Independent Senator Accuses Trump of 'Unconditional Surrender' to COVID After Controversial Chief of Staff Remarks

Senator Angus King, an independent from Maine, accused President Donald Trump of "unconditional surrender" to the COVID-19 pandemic, after White House Chief of Staff Mark Meadows controversially said that the administration is "not going to control the pandemic."

Meadows' remarks came during an interview with CNN's State of the Union on Sunday, after Trump claimed at a Friday rally in Florida that the U.S. is "entering the final turn and approaching the light at the end of the tunnel" with the pandemic. The same day, the U.S. broke its previous record for new daily COVID-19 infections, recording more than 85,000 cases.

"We're not going to control the pandemic. We are going to control the fact that we get vaccines, therapeutics and other mitigation areas," Meadows said in his interview with CNN. When host Jake Tapper asked why, the chief of staff replied: "Because it's a contagious virus. Just like the flu, it's contagious."

The Quote

"Remember five or six months ago, the president said, 'This is war, I'm a wartime president'? Yesterday was unconditional surrender. It was basically waving a white flag saying, 'We can't control it. There's nothing you can do,'" King told CNN in a Monday morning interview when he was asked about Meadows' remarks.

"And that's nonsense of course," the independent lawmaker continued. "They can control it. The CDC [Centers for Disease Control and Prevention] and doctors and everybody else has been telling us for months what we have to do. It's an airborne disease—therefore masks, wash your hands, keep separate from one another. If that had been the consistent message from the White House from the beginning, when we knew those were what we had to do, in the meantime, had they developed a really strong testing program, we'd be—there'd probably 50—100,000 fewer deaths and we'd be looking like other countries that are having surges—but nothing like we're having," King said.

Why It Matters

Trump has downplayed the severity of the COVID-19 pandemic since the early days of the outbreak. He admitted on the record to journalist Bob Woodward in a March interview that he "wanted to always play it down." The president has also repeatedly dismissed the novel coronavirus as comparable to the common flu, but he admitted to Woodward that he knew it was more deadly.

The president has repeatedly disregarded public health guidance during the pandemic—including the advice put forward by his own White House coronavirus task force. Even as new COVID-19 infections surge across the country, as hospitalizations increase and new deaths once again tick upward, Trump continues to hold large rallies with thousands of attendees crowded together. Many of Trump's supporters at these events do not wear masks, and the president routinely foregos the use of a face covering when health experts would argue one should be worn.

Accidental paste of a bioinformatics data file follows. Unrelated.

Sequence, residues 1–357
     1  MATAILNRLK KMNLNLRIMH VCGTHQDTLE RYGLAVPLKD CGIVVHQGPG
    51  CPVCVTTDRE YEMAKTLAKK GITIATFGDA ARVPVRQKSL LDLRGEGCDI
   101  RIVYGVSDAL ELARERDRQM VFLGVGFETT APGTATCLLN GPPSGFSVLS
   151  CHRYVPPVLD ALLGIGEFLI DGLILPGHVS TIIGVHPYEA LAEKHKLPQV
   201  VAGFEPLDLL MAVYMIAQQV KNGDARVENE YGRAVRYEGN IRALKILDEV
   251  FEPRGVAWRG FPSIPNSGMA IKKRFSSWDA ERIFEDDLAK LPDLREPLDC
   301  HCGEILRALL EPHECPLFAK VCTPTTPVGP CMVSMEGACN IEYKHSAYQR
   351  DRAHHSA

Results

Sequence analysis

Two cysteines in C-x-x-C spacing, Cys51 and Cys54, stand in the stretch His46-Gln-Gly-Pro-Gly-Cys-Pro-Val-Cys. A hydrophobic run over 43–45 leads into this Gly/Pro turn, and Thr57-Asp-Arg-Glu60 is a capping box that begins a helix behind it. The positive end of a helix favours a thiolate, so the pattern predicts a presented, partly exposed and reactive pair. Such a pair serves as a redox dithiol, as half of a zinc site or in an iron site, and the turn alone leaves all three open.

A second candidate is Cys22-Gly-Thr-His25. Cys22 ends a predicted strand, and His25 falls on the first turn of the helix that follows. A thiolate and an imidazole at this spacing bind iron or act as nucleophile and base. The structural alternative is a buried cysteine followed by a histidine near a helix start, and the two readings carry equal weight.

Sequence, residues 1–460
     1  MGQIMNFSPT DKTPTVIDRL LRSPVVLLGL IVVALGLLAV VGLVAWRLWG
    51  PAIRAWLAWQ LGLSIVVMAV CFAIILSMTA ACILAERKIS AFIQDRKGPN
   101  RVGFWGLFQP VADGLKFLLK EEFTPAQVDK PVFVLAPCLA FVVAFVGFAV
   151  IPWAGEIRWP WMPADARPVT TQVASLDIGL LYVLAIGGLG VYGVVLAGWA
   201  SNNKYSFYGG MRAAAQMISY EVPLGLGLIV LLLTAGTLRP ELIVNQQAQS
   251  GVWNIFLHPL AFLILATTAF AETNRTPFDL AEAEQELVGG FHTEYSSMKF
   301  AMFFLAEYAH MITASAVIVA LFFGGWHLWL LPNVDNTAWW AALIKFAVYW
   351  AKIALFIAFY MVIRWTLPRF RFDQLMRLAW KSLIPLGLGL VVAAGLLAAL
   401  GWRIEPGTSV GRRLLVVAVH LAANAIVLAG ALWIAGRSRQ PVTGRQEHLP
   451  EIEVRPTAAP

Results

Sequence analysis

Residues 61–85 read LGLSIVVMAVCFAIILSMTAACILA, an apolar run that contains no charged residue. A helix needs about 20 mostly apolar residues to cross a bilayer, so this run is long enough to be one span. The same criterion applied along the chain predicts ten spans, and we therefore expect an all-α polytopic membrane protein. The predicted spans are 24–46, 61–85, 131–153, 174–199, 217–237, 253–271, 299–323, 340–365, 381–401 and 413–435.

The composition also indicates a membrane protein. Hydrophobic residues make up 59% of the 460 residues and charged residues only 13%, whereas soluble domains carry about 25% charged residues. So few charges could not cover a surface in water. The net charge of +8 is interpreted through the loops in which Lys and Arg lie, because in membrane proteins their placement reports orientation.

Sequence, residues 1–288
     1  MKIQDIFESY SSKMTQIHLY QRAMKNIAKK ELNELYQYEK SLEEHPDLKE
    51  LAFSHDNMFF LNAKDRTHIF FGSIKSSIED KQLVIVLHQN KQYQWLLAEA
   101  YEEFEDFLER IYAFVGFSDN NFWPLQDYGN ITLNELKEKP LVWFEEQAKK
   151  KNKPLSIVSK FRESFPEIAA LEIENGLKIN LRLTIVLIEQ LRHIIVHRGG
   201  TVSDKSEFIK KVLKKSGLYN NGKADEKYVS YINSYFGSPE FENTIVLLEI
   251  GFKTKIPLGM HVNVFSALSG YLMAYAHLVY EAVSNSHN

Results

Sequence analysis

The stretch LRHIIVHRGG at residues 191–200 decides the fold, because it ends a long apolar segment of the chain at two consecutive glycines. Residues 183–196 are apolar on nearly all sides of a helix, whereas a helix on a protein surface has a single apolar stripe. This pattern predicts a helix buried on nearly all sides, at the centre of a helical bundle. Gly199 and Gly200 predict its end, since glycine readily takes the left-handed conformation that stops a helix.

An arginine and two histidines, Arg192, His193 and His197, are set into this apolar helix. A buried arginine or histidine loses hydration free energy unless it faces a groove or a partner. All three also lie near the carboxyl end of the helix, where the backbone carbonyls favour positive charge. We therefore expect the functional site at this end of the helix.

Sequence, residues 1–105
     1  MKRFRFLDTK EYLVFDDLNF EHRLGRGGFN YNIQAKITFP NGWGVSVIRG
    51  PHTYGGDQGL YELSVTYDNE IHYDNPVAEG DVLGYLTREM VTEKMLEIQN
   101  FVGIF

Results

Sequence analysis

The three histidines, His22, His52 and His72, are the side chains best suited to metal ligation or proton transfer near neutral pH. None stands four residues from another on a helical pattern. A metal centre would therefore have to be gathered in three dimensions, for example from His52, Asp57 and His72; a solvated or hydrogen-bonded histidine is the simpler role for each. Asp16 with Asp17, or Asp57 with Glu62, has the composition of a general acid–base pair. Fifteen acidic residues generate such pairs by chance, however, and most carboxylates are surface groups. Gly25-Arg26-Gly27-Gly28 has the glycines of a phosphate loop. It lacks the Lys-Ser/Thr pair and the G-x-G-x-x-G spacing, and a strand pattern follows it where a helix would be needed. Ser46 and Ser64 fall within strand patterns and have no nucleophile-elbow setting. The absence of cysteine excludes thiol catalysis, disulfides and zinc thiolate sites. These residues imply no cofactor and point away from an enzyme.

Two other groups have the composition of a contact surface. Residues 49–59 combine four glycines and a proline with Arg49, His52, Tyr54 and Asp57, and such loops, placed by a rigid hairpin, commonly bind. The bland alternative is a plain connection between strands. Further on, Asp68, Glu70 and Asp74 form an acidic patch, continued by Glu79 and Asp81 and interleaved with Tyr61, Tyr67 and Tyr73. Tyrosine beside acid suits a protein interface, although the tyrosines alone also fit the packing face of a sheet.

Even some Republicans have increasingly shown a willingness to criticize the president and his response to the pandemic. In a Sunday interview with CBS News' Face the Nation, Arkansas Governor Asa Hutchinson, a Republican, lamented that Trump's messaging has been "confusing."

"Obviously with the rallies, there is confusing messages there," Hutchinson said. The GOP governor said that leaders need "to be truthful and realistic, and everyone knows that we are going through a very difficult crisis and it is going to likely get worse as we go into the winter."

Democratic presidential nominee Joe Biden Biden, who is leading Trump by a significant margin in several national polls, released a statement condemning the White House response to the crisis after Meadows' remarks.

"This wasn't a slip by Meadows, it was a candid acknowledgment of what President Trump's strategy has clearly been from the beginning of this crisis: to wave the white flag of defeat and hope that by ignoring it, the virus would simply go away. It hasn't, and it won't," Biden said.

Mark Meadows and Donald Trump
White House Chief of Staff Mark Meadows and President Donald Trump walk out of the White House on October 21 in Washington, D.C. Tasos Katopodis/Getty

Meanwhile, the seven-day average of new COVID-19 infections in the U.S. has surged upward to about 70,000 per day, while about 800 people have died per day over the past week, according to The New York Times' tracker. In total, the U.S. has recorded more than 8.7 million infections and over 225,000 deaths—the highest numbers of any country in the world.

Opposing View

The president and his supporters point to the unprecedented effort the U.S. has undergone to develop an effective vaccine for COVID-19, as well as the success of multiple therapeutic treatments. As a result of new treatments developed since the outbreak began in the U.S. just over nine months ago, mortality rates have declined significantly.

A recent scientific study of patients in the New York University Langone Health system showed that deaths among people hospitalized with the novel coronavirus have dropped. The research found that the death rate declined from 25.6 percent among those hospitalized with COVID-19 to 7.6 percent between March and August.

It appears likely that a successful vaccine for COVID-19 will be approved in the U.S. by the end of the year, or early next year. If that comes to fruition, as public health experts currently project, it will be the fastest vaccine ever developed. The previous record was about four years.

Newsweek reached out to the White House for comment, but it did not immediately respond.